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Effect of earthworms and plants on the efficiency of vertical flow systems treating university wastewater

  • Stevo LavrnićEmail author
  • Sandra Cristino
  • Maribel Zapater-Pereyra
  • Jan Vymazal
  • Domenico Cupido
  • Giovanni Lucchese
  • Benedetta Mancini
  • Maurizio L. Mancini
Research Article

Abstract

One of the possible ways to improve the operation efficiency of constructed wetlands and to prevent their clogging is the application of earthworms. They have already been successfully applied for vermicomposting and for sludge dewatering and treatment. A few studies have already examined the effect of earthworms on the treatment of wastewater by vertical flow constructed wetlands (VFCWs), but none of them have provided a yearlong research result from an open-air system or compared the effect that different seasons in a temperate climate area can have on these invertebrates. The goal of this research was to estimate the effect that earthworms and plants have on VFCW’s operation. Four mesocosms (a filter, a filter with earthworms, a VFCW and a VFCW with earthworms) were built and their influent and effluent water quality was monitored for a period of 1 year. They were fed with wastewater coming from a building of the University of Bologna (Italy). The results have shown that the presence of earthworms in this specific system did not reduce the organic matter content of the substrate, but it has positively influenced plants’ growth. However, since neither earthworms nor plants had a statistically significant effect on the effluent quality, it can be concluded that the integration of these invertebrates cannot improve wastewater treatment of vertical flow filters or constructed wetlands.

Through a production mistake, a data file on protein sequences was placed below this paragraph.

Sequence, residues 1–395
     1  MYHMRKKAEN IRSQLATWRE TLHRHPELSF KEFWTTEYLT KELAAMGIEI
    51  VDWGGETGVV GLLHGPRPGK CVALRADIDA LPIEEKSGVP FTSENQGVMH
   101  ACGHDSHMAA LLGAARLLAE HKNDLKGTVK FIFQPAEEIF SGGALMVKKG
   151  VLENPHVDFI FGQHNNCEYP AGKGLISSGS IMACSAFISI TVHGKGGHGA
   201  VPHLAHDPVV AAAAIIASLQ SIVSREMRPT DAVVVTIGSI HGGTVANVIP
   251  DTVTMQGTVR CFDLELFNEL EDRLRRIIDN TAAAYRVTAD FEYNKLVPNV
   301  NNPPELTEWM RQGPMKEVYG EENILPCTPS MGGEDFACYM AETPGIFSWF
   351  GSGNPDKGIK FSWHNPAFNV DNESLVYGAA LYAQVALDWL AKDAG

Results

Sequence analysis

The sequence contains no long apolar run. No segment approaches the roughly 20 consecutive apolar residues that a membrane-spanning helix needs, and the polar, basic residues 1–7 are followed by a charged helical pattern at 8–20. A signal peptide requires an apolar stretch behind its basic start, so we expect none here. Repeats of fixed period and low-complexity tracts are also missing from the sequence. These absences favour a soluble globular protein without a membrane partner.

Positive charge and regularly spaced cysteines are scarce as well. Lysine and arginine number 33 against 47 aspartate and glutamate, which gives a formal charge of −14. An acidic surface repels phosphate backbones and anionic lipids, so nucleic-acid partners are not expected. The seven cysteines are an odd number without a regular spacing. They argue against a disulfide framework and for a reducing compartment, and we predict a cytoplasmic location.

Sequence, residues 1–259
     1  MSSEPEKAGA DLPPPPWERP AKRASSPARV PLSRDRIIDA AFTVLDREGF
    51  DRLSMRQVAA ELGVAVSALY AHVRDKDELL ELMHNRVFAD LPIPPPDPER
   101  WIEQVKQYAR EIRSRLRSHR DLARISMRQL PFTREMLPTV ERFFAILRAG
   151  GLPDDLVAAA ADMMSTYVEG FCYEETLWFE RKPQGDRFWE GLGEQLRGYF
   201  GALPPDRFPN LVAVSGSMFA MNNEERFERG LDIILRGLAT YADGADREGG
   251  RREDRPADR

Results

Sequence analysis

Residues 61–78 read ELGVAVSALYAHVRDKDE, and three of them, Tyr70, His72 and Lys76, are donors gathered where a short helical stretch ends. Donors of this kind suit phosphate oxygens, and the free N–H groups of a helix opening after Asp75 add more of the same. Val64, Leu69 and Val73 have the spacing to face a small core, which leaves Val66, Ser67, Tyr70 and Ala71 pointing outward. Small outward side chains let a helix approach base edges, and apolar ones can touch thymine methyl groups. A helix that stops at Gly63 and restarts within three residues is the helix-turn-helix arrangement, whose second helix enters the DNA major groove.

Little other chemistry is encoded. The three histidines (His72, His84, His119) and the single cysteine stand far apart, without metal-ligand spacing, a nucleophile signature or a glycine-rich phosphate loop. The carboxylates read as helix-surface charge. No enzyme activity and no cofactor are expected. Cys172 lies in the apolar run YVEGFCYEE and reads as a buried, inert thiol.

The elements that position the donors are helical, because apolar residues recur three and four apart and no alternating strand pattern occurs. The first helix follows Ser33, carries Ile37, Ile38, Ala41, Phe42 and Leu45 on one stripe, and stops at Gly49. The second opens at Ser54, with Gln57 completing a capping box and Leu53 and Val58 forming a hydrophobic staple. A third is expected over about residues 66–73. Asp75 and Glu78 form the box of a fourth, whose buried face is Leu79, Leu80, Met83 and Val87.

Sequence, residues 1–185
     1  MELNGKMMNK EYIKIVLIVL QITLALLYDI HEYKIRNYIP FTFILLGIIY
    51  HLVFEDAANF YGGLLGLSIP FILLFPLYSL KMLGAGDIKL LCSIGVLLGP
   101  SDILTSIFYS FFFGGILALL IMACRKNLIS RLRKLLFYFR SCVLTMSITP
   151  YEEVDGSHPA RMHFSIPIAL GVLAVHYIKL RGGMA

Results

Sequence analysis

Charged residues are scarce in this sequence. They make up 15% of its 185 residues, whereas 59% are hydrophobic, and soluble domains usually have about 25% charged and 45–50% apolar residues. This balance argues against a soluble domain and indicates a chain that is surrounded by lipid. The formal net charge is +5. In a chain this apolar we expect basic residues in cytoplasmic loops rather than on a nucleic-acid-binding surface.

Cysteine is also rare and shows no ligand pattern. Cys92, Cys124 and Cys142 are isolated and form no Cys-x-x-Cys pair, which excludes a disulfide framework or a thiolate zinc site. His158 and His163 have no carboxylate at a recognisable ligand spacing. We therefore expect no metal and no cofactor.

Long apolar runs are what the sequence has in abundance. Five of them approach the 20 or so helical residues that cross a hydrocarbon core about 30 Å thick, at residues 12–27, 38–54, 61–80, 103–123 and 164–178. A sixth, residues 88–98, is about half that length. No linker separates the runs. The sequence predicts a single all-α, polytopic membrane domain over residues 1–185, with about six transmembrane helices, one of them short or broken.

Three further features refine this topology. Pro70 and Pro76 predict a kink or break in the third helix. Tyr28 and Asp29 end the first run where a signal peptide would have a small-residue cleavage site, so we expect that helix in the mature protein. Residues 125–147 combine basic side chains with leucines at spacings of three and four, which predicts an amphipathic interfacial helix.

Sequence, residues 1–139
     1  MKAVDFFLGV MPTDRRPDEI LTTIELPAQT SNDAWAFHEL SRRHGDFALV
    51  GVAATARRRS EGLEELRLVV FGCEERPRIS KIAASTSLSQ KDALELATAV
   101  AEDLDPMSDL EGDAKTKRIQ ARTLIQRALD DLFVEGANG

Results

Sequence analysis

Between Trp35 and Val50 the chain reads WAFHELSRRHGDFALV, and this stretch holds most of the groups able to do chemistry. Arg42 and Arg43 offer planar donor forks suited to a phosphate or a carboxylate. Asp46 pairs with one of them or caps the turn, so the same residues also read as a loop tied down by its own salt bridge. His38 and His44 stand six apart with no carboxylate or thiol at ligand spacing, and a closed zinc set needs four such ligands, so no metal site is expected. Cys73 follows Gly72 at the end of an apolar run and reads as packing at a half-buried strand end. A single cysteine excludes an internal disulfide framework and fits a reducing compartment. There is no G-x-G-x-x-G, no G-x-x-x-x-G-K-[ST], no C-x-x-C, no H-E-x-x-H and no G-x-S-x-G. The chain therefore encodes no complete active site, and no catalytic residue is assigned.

Keywords

Constructed wetlands Earthworms Filters Plants Seasonal effect Wastewater treatment 

Notes

Acknowledgements

The first author’s PhD scholarship was financed by the European Commission through Erasmus Mundus PhD in Marine and Coastal Management programme. The authors would like to thank Prof. Elena Fabbri from the University of Bologna for her help during the development of this project, and Dr. Marco Maglionico and Dr. Sara Simona Cipolla from CIRI (University of Bologna) for their contribution to the research.

Compliance with ethical standards

Conflict of interest

The authors declare that they have no conflict of interest.

Supplementary material

11356_2019_4508_MOESM1_ESM.docx (15 kb)
ESM 1 (DOCX 14 kb)

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Copyright information

© Springer-Verlag GmbH Germany, part of Springer Nature 2019

Authors and Affiliations

  1. 1.Campus de Puerto RealUniversity of CádizCádizSpain
  2. 2.Dipartimento di Ingegneria Civile, Chimica, Ambientale e dei MaterialiUniversity of BolognaBolognaItaly
  3. 3.Dipartimento di Scienze Biologiche, Geologiche e AmbientaliUniversity of BolognaBolognaItaly
  4. 4.Independent researcherMunichGermany
  5. 5.Faculty of Environmental SciencesCzech University of Life Sciences PraguePraha 6Czech Republic

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